How many exporters are allowed per Schema Registry?

The limit on the number of exporters allowed at any one time per Schema Registry is 10.

Configuration Options

A schema exporter has these main configuration properties:

A unique name for the exporter.

This can take several forms:

  • A list of subject names and/or contexts, for example: [ "subject1", "subject2", ".mycontext1", ".mycontext2" ]
  • A singleton list containing a subject name prefix that ends in a wildcard, such as ["mytopic*"]
  • A singleton list containing a lone wildcard, ["*"], that indicates all subjects in the default context. This is the default.
  • A singleton list containing the context wildcard, [":*:"], that indicates all contexts.
This is an optional parameter you can use to specify a format for the subject name in the destination cluster. You can specify ${subject} as a placeholder, which will be replaced with the default subject name. For example, dc_${subject} for the subject orders will map to the destination subject name dc_orders.

One of:

  • AUTO - Prepends the source context with an automatically generated context, which is .lsrc-xxxxxx for Confluent Cloud. This is the default.
  • CUSTOM - Prepends the source context with a custom context name, specified in context below.
  • NONE - Copies the source context as-is, without prepending anything. This is useful to make an exact copy of the source Schema Registry in the destination.
A context name to be used with the CUSTOM contextType above.

A set of configurations for creating a client to talk to the destination Schema Registry, which can be passed in a config file (for example, --config-file  ~/<my-config>.txt). Typically, this includes:

  • schema.registry.url - The URL of the destination Schema Registry. This can also be local:/// to allow for more efficient copying if the source and destination are the same.
  • basic.auth.credentials.source - Typically “USER_INFO”
  • basic.auth.user.info - Typically of the form <api-key>:<api-secret>

Lifecycle and States

Schema Registry stores schemas in a Kafka topic. A schema exporter uses the topic offset to determine its progress.

When a schema exporter is created, it begins in the STARTING state. While in this state, it finds and exports all applicable schemas already written to the topic. After exporting previously registered schemas, the exporter then enters the RUNNING state, during which it will be notified of any new schemas, which it can export if applicable. As schemas are exported, the exporter will save its progress by recording the latest topic offset.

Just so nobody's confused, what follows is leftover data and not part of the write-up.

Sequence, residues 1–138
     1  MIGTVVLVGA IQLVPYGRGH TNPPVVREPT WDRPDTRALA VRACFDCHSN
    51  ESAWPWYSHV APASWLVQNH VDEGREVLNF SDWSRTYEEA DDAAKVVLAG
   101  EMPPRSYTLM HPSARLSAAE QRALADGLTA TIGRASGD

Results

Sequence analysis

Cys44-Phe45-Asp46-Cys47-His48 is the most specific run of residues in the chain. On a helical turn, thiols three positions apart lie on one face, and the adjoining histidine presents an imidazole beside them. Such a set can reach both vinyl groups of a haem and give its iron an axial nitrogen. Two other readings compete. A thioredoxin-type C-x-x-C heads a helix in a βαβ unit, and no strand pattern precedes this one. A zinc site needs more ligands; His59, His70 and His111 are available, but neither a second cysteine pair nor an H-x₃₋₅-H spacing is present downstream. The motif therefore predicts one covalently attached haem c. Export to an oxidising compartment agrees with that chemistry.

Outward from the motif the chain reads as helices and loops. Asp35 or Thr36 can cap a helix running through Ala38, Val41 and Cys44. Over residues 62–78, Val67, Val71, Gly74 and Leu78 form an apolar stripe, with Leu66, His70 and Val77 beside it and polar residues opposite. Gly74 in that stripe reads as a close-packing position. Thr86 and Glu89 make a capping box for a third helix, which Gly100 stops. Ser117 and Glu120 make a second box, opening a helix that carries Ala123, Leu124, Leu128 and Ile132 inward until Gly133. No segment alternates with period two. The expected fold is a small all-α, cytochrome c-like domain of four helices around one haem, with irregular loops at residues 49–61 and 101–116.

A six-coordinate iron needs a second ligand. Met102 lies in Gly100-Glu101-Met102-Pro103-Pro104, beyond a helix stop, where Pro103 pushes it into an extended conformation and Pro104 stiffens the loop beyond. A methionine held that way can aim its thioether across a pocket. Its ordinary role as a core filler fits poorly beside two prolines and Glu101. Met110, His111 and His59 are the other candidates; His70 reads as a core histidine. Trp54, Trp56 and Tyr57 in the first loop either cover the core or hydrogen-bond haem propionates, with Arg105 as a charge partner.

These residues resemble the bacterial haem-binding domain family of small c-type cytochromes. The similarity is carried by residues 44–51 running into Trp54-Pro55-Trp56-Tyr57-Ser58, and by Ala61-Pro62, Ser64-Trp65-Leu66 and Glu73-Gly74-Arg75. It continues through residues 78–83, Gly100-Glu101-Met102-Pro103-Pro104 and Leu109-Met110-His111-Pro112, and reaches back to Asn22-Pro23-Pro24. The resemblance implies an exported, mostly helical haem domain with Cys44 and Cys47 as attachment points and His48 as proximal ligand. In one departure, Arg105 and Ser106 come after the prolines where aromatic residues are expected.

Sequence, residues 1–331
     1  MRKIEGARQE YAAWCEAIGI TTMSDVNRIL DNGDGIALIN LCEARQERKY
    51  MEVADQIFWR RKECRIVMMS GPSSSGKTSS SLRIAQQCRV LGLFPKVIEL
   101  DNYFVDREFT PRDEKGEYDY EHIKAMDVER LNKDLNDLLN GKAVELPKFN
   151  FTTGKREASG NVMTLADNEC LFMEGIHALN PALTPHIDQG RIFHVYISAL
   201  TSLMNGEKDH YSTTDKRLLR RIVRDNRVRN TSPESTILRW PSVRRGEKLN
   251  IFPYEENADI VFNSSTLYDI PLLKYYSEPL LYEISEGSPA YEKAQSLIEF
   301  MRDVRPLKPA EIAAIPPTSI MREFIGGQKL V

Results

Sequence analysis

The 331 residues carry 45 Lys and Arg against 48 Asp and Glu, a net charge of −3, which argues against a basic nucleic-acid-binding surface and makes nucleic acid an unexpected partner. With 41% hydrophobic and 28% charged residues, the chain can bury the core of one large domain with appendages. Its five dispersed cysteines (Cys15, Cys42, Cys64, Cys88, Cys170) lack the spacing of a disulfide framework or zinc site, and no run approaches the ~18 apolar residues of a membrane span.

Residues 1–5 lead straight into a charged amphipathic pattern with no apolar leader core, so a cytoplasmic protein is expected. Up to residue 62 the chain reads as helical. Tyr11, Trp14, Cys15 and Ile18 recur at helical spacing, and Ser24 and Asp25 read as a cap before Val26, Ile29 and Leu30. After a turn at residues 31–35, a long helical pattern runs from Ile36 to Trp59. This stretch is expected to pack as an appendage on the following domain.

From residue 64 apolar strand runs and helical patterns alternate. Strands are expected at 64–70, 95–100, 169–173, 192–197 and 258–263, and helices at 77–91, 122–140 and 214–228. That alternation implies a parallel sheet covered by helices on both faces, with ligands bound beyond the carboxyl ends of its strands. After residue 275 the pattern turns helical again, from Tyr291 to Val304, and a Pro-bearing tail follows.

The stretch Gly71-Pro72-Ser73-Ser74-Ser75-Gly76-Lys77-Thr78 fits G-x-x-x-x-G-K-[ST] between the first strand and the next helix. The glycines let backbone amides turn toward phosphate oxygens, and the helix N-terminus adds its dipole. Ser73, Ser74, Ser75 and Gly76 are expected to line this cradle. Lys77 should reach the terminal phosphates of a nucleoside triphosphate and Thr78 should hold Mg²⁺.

If you want to make changes to the schema exporter, you must first “pause” it, which causes it to enter the PAUSED state. The exporter can then be resumed after the proper changes are made. Upon resumption, the exporter will find and export any applicable schemas since the last offset that it recorded.

While an exporter is paused, it can also be “reset”, which will cause it to clear its saved offset and re-export all applicable schemas when it resumes. To accomplish this, the exporter starts off again in STARTING state after a reset, and follows the same lifecycle.

The states of a schema exporter at various stages in its lifecycle are summarized below.

State Description
STARTING The exporter finds and exports all applicable previously registered schemas for the topic. This is the starting state, or the state after a reset.
RUNNING The exporter is notified of new schemas, exports them if applicable, and tracks progress by recording last topic offset.
PAUSED An exporter can be paused; for example, to make configuration changes. When it resumes, the exporter finds and exports schemas since the last recorded offset.


Schema Registry supports the following REST APIs, as fully detailed in Exporters in the Schema Registry API documentation:

Task API
Gets a list of exporters for a tenant GET /exporters
Creates a new exporter POST /exporters
Gets info about an exporter GET /exporters/{name}
Gets the config for an exporter GET /exporters/{name}/config
Gets the status of an exporter GET /exporters/{name}/status
Updates the information for an exporter PUT /exporters/{name}/config
Pauses an exporter PUT /exporters/{name}/pause
Resumes an exporter PUT /exporters/{name}/resume
Resets an exporter, clears offsets PUT /exporters/{name}/reset
Deletes an exporter DELETE /exporters/{name}